At the local health club, the swimming instructor takes charge of Layla while Ramon encourages Jasper, swimming backwards up and down the pool with his son splashing after him. There is a lovely intimacy about Ramon teaching his kids stuff — because of the eye contact that is needed, the focused attention, the closeness. The results are so obvious and rewarding, and not just in the pool. He tells Layla that we are going to go to a place called the Owl to eat, and she copies the owl sign (two big round eyes, basically). Then, when we get there and she sees the carved wooden bird, she makes the owl sign and looks to Ramon for approval. Lesson learned.
It is just as impressive when he needs to tell them off. All the shouting is done in the look — he looks them in the eye and does a three-two-one countdown, to indicate how many seconds they have got to get into line. It as all about eye-contact: You could not be afraid to look someone in the eye if you were deaf.
The learning, the chat and the eye contact do not stop in the car, either. When he is driving, Ramon can see the kids in the back in the rearview mirror, and he is constantly checking up on them, communicating, teaching. Hey, you may want to look at the road in front from time to time, Ramon (although he does explain that he has heightened peripheral vision). I ask him if he ever uses the horn. No, he says, why bother?
Later, on the way to the Owl — actually the Tawny Owl — I am in the back with the kids. In the front, Ramon and Louise are talking away to each other. For the whole day, they have included me — not just included me, it has really been about me, and everything they have done has been directed toward me. This is probably the first time all day that they have had the chance for a little chat between themselves. And guess what? I feel left out, excluded — especially like this, with their backs to me. They are laughing, too. Maybe they are laughing at me. And saying how much they hate me, and what a nightmare it has been having me there. Oi! Hello? Hearing people like to know what’s going on too.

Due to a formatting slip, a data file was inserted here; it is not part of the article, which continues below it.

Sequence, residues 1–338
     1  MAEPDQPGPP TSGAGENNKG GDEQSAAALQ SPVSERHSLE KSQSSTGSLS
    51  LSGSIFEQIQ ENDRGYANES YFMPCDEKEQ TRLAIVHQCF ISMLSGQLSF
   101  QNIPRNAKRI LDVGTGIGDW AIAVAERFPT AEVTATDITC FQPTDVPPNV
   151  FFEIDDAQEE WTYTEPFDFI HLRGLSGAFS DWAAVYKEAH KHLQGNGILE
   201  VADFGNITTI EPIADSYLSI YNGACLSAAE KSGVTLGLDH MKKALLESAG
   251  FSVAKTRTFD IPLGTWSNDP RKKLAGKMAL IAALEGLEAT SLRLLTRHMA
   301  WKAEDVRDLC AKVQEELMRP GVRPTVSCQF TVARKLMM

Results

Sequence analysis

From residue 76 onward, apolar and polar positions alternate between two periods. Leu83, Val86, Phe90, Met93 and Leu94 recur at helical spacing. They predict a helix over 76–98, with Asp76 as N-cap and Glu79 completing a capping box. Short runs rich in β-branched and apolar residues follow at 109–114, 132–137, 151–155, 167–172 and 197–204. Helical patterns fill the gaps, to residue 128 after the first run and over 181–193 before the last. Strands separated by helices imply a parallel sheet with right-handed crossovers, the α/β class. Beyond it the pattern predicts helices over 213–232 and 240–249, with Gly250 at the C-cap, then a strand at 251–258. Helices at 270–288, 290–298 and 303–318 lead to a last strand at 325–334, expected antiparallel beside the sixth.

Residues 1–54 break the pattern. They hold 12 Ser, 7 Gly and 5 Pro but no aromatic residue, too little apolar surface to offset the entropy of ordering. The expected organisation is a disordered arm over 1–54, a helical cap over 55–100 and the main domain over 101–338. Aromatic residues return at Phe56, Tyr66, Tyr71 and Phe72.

It is a pathetic comparison to make, really, but perhaps, in those few minutes, I get just the tiniest hint of what it is like for the deaf among the hearing, all of the time.
In the pub, we are all seated round the table, and I am the center of attention once again. As I should be. Sam the photographer is with us now, and I feel strangely resentful that there is another hearing person around. Louise, Ramon and their kids have been so nice and welcoming and inclusive to me — maybe that is why I feel cross that there is someone else around to share it. Encroaching on my territory.
The kids are getting a bit tired now. Time to go home and bed for them. How do they know if Spencer or either of the others is crying, I want to know. Louise shows me an electronic device she has pinned to her. It will vibrate if someone rings the doorbell, if the house is on fire, or if one of the children is crying. During the day they do not really bother with it, because the kids are always around and they just know if one of them needs something. But at night they put it on.
We have a cup of tea and Louise watches EastEnders, with the subtitles switched on, while Ramon watches a film on his laptop, one that he is going to do BSL interpretation for. They can do this at the same time, in the same room, which is nice. At one point the sound on the TV comes on — I don’t know why, perhaps someone hit a button or something. It is probably at the same volume as I would normally have EastEnders on in my house, but it feels incredibly loud and intrusive, and it ruins the atmosphere in the house. It is not bothering them, of course, but I ask Ramon to turn the sound off.
Even after one day, I am really appreciating the silence that had worried me only this morning.
Right, that is me done for the day. It is hard work, being at the deep end, both metaphorically and literally. At least I will sleep well in this lovely, silent house.
In the morning, Louise asks me if I was woken up by Spencer crying. No, I didn’t hear a thing.